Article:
Water power and hydrogeneration
Energy flux of water turning a turbine (P) depends on the rate of water flow (Q, in m3/s) and on the hydraulic head (h, in m), the distance through which the eater falls before impacting the blades and the actually delivered power will be also a function of the turbine efficiency (η); water density and acceleration of gravity remain identical (ρ = 1 g/cm3, that is 1,000 kg/m3, and g = 9.81 m/s2). A large, highly efficient (87%) turbine working under the head of 118 m and receiving water flow 700 m3/s will generate about 700 MW of electricity:
Power of a water turbine P = ηρQgh
= 0.87 x 1,000 x 700 x 9.81 x 118
= 704. 97 MW
These are actually specifications for each of the 20 turbines installed in Itaipu, still the world’s largest hydrostation in terms of annual electricity generation, located on the Paraná River between Brazil and Paraguay. China’s Sanxia (Three Gorges, completed in 2009) has a 60% higher installed capacity (22.5 GW compared to Itaipu’s 14 GW) but a much lower capacity factor (about 50% compared to Itaipu’s rate of close to 80%) and hence it typically delivers only about 85% of Itaipu’s power (CTGC 2013; Chincold 2013). With little difference in high efficiency of modern turbines and with ρ and g constant, power densities of modern hydroelectricity generation will range widely along the continuum governed by the extremes of Q and h. At one extreme are the projects that rely on massive water flows with small generating heads created by low dams. Yacyretá project on the Paraná between Paraguay and Argentina is an excellent example of this category: its hydraulic head is just 22 m but the low dam createa a reservoir of 1,600 km2 which supplies enough water to installed capacity of 3.1 GW and annual generation of 20 TWh (that is 2.29 GW and a high load factor of nearly 75%).
The other extreme is represented by plants that let relatively small mass of water fall from great heights created by tall dams whose construction was pioneered in the Alps. The world’s tallest dam is 300-m Nurek on the Vakhsh in Tajikistan, built during the Soviet era and operating since 1980; an even taller dam upstream on the same river has been under considerations for decades, but so far the Rogun project with its 335-m dam has no financing. In some cases of high-head mountain stations there may be no reservoir at all: these river-run projects merely divert part of a mountain water flow into a steeply falling conduit (underground tunnel or aboveground pipes) that leads it to turbines located far below.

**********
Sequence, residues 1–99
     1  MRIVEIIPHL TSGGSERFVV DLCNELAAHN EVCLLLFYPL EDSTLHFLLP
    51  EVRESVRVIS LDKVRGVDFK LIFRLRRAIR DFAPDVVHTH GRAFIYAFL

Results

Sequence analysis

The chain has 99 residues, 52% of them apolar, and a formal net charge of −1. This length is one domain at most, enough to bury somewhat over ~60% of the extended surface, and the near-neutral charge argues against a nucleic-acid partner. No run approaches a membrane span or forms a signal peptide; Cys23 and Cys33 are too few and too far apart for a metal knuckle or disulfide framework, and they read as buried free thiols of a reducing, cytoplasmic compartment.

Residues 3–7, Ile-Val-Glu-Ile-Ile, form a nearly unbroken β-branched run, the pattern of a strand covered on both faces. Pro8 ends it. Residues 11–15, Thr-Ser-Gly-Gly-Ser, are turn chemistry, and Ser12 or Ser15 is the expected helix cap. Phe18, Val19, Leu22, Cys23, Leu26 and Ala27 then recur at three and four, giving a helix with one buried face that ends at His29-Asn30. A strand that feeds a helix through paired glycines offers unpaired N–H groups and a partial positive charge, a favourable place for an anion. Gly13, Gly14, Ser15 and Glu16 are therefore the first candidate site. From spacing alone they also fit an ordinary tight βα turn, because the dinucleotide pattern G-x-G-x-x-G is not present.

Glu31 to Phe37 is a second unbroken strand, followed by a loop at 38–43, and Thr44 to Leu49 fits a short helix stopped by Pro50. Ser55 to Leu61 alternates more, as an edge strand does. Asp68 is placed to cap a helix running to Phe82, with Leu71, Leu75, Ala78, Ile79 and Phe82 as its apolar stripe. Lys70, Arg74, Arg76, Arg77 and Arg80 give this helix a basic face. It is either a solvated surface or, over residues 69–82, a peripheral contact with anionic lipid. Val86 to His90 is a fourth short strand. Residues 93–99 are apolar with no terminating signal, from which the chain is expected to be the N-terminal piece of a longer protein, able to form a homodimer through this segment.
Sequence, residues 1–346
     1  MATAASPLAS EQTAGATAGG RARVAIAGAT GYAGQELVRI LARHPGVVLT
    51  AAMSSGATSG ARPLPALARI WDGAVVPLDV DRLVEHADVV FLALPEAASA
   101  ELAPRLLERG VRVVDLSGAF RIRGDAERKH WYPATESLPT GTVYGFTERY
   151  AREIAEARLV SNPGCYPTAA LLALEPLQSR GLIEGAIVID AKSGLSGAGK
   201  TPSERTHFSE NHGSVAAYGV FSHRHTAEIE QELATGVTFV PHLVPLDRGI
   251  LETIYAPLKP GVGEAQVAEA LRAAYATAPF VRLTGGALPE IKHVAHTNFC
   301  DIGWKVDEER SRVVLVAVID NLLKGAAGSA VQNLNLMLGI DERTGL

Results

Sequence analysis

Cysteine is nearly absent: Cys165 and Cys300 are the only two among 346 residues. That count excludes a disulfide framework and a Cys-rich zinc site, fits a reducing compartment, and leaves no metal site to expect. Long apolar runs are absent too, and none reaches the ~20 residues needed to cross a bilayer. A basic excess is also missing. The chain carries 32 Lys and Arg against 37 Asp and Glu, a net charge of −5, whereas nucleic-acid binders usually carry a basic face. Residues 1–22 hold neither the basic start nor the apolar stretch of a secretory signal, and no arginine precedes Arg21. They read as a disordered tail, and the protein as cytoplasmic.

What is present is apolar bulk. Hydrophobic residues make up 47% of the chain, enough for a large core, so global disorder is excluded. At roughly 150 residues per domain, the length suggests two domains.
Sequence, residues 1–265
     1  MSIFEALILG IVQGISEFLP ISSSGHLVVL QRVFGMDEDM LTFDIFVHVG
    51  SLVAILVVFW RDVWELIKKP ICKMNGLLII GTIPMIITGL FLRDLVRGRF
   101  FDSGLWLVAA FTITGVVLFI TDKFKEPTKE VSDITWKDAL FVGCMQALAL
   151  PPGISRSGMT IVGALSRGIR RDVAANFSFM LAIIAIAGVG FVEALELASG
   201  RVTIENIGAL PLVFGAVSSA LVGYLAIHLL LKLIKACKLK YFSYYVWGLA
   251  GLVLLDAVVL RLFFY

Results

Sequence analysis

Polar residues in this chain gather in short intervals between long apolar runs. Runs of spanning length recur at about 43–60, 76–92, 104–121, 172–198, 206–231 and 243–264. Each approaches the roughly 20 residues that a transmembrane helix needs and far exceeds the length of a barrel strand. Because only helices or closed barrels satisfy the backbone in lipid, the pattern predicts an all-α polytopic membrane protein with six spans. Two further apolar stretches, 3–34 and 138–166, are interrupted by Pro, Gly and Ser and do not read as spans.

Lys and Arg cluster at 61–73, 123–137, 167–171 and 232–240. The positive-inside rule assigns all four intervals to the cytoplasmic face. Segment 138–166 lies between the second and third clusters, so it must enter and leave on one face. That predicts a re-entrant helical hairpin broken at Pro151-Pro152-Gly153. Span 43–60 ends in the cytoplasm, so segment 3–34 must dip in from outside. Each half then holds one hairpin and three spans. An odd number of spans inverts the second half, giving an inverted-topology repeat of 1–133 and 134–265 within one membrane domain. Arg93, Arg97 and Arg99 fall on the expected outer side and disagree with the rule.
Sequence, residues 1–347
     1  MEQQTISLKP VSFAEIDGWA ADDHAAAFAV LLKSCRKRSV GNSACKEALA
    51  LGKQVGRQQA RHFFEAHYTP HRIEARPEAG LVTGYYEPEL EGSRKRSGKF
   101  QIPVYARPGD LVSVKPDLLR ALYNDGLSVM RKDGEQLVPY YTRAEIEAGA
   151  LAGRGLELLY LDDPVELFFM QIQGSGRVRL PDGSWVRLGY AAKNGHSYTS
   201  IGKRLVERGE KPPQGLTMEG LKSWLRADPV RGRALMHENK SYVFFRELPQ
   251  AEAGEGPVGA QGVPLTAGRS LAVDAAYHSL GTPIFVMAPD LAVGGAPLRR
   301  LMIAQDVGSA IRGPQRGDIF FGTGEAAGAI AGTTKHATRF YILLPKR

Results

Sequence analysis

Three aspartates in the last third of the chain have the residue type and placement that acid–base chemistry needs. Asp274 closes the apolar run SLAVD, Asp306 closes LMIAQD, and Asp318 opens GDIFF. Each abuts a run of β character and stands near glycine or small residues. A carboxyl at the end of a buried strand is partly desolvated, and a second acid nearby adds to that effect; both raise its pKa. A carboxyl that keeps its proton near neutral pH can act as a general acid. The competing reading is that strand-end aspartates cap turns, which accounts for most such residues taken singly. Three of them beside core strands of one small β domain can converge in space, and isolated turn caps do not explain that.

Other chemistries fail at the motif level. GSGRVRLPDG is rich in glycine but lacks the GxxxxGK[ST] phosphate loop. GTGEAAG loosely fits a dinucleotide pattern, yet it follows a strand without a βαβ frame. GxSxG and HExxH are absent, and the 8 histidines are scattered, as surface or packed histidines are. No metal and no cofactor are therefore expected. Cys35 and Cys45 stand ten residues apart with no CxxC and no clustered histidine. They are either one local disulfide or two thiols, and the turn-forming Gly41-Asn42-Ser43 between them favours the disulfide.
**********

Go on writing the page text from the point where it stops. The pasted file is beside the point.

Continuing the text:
And there is yet another kind of river-run stations (streaming systems), exemplified by Manitoba Hydro’s Limestone project on the Nelson River, where a low dam (hydraulic head 27.6 m) creates virtually no reservoir but the flow (regulated by three dams upstream) suffices to support install capacity of 1.34 GW (Manitoba Hydro 2013). But, not surprisingly, for the world’s largest hydroelectric projects both Q and h are substantial. Rated heads determine the type of turbine uses: Francis turbines can work with both low and high heads (10-300 m), Pelton and Turgo impulse designs are used for high heads (> 100 m) and Kaplan machines, with adjustable guide vanes, are installed at projects with low to medium heads (2-70 m). Rated speeds can be up to 1,500 rom for Francis and Pelton turbines, half that rate for Kaplan machines, and maximum unit ratings can be in excess of 500 MW. Plant structures (dam including spillway, powerhouse and for some projects also ship locks or fish ladders) and associated infrastructures (switchyard, access roads) make almost always very small claims compared to land submerged by a reservoir.
Power densities of large hydro projects Dams built in the lower reaches of major rivers create large, and even enormous and relatively shallow reservoirs. Akosombo (on the Volta in Ghana) covers 8,502 km2, Churchill Falls (on the Churchill River in Labrador) reaches almost 7,000 km2, Kuybyshev (on the Volga) has maximum extent of 6,500 km2: Akosombo is thus nearly as large as Puerto Rico (about 8,900 km2) and Kuybyshev is larger than Brunei (nearly 5,300 km2). Power densities of these projects (leaving aside comparatively minor areas required for dams, associated structures, transformers and HV connectors, and approach roads) are almost invariably less than 1 W/m2: Akosomobo, with installed capacity of 912 MW and the head of 68.9 m (Volta River Authority 2013) rates just 0.11 W/m2 and Churchill Falls rate less than 0.8 W/m2.